These two years have seen unprecedented growth in cyberattacks. From a small local data breach to an enormously large attack like that of SolarWinds, Colonial Pipeline, Kaseya or the Java-based software known as “Log4j,” the impact on business has been severe.
A cybersecurity company SonicWall said it recorded a 148% increase in global ransomware attacks through the Q3, 2021. According to Trend Micro, the banking industry was disproportionately affected, and experienced a 1,318% year-on-year increase in ransomware attacks in the first half of 2021.
Well, that was just a small glimpse of how hard attackers have come down on the industry. Most of the world is working from home, which means the attack surface has widened and companies need to secure more than ever – from cloud to end devices, from datacentres to edge devices, from networks to apps – like everything.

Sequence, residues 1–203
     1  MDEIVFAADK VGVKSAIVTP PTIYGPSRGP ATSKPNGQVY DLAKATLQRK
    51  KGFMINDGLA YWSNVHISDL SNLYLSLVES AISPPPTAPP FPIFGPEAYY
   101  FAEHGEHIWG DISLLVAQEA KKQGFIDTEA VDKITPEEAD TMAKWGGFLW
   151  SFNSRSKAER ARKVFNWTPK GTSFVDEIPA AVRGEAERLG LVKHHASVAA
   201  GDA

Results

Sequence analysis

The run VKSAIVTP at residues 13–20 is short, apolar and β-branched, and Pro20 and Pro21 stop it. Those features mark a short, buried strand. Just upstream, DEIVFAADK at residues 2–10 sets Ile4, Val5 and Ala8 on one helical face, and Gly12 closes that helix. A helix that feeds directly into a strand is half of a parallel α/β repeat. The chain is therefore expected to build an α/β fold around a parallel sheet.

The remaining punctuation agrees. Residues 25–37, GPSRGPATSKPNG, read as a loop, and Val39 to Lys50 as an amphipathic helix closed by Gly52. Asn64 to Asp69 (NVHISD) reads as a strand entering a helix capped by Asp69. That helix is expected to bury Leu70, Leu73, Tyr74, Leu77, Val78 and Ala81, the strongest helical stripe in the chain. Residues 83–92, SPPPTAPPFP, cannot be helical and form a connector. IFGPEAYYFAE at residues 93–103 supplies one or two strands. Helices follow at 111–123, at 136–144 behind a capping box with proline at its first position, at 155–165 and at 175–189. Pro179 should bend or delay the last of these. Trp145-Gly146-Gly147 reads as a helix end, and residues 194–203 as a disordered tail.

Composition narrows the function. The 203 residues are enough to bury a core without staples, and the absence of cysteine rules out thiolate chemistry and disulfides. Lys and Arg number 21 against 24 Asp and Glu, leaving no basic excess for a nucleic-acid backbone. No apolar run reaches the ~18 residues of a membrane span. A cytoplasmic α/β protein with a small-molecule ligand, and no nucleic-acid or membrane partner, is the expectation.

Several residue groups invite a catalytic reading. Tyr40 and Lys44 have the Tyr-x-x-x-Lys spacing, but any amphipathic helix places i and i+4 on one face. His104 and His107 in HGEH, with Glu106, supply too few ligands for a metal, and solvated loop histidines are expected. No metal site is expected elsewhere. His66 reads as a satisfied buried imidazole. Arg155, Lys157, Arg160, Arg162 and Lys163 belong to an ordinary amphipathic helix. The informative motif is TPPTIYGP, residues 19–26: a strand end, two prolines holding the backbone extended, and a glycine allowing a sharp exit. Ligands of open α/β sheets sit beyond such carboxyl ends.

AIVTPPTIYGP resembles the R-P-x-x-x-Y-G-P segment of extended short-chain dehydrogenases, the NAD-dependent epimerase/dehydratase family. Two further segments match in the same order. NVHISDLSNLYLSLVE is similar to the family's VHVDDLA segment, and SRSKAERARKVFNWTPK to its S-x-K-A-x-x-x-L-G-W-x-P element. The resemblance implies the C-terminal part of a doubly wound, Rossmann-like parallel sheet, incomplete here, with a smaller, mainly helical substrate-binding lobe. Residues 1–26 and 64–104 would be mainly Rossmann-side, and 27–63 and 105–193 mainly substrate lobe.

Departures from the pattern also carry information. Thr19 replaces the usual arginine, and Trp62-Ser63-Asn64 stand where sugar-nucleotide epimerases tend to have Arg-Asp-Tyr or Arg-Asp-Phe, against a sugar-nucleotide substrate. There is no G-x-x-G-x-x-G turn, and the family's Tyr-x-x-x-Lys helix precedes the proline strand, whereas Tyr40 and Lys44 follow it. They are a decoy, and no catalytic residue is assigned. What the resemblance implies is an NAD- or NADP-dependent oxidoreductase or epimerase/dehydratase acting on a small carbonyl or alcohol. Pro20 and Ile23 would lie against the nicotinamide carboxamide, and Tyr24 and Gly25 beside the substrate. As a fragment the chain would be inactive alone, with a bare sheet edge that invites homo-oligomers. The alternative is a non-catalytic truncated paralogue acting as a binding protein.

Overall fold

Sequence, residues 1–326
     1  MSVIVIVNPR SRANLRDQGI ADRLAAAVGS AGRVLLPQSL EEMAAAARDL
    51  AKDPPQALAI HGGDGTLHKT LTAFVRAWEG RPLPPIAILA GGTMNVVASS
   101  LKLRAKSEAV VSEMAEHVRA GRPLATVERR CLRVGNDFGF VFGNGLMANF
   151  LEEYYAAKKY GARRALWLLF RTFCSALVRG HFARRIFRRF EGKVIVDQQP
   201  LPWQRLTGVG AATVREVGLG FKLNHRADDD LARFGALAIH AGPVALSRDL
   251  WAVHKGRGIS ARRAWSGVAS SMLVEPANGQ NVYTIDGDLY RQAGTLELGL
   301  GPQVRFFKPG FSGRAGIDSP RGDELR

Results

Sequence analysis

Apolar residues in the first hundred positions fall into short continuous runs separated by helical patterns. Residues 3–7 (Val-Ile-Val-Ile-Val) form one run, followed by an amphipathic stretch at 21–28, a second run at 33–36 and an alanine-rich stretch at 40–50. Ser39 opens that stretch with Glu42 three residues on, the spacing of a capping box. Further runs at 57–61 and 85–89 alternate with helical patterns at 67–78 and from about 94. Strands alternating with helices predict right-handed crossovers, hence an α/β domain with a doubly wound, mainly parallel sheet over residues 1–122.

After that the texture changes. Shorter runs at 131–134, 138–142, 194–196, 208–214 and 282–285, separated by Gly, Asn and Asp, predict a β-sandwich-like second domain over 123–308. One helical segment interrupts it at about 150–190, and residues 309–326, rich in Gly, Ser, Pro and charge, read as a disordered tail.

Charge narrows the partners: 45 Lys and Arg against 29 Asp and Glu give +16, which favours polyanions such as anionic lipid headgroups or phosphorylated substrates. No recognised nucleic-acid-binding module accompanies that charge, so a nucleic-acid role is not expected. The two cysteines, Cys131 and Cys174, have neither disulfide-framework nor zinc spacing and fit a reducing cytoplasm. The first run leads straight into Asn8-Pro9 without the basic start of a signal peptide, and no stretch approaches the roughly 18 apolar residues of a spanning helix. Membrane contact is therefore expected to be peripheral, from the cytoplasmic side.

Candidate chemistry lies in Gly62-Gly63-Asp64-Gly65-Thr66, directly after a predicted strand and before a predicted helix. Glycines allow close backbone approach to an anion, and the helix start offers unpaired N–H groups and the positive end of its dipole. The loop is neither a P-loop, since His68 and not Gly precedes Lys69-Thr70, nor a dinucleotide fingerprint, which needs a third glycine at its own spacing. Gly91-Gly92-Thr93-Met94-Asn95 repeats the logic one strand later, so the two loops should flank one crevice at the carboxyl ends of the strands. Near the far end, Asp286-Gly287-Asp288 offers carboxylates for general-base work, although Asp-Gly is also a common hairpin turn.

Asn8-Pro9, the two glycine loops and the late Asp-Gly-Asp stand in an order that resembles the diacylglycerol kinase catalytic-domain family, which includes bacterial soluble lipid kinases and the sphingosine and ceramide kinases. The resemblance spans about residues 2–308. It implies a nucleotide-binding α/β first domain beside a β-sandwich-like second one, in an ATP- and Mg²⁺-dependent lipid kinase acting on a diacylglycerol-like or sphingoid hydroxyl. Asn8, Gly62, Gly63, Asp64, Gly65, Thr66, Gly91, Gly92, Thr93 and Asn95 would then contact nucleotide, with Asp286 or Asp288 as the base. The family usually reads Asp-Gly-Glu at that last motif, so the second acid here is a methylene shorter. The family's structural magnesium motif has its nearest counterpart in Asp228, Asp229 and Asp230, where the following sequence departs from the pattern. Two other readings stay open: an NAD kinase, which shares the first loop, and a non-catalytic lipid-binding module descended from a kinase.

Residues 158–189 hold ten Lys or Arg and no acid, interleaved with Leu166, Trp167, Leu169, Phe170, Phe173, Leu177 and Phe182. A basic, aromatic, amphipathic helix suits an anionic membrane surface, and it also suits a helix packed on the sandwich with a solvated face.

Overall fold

Another big reason to M&A frenzy is the amount of investment that has gone into creating cybersecurity start-ups. The sharks are now eating small fish. This consolidation was obvious. Also, companies use these acquisitions to either consolidate their existing portfolio or to branch out.
In the domain of cybersecurity, technology can never be evolved simply because adversaries are always experimenting. The legacy players in cybersecurity take the M&A route to not only stay on top of the innovation curve, but also to address the changing demands of customers.
But will this trend continue or is it a temporary phenomenon? Well, every new vulnerability or security threat gives birth to a new domain for which the existing technologies aren’t enough. That means niche start-ups or legacy players have to invest more in R&D and therefore the trend is likely to continue. It’s also true that if the legacy cyber companies like Symantec or McAfee or FireEye don’t evolve with time, and expand either by acquisition or innovation, the will either be severely undervalued or be dead, simple!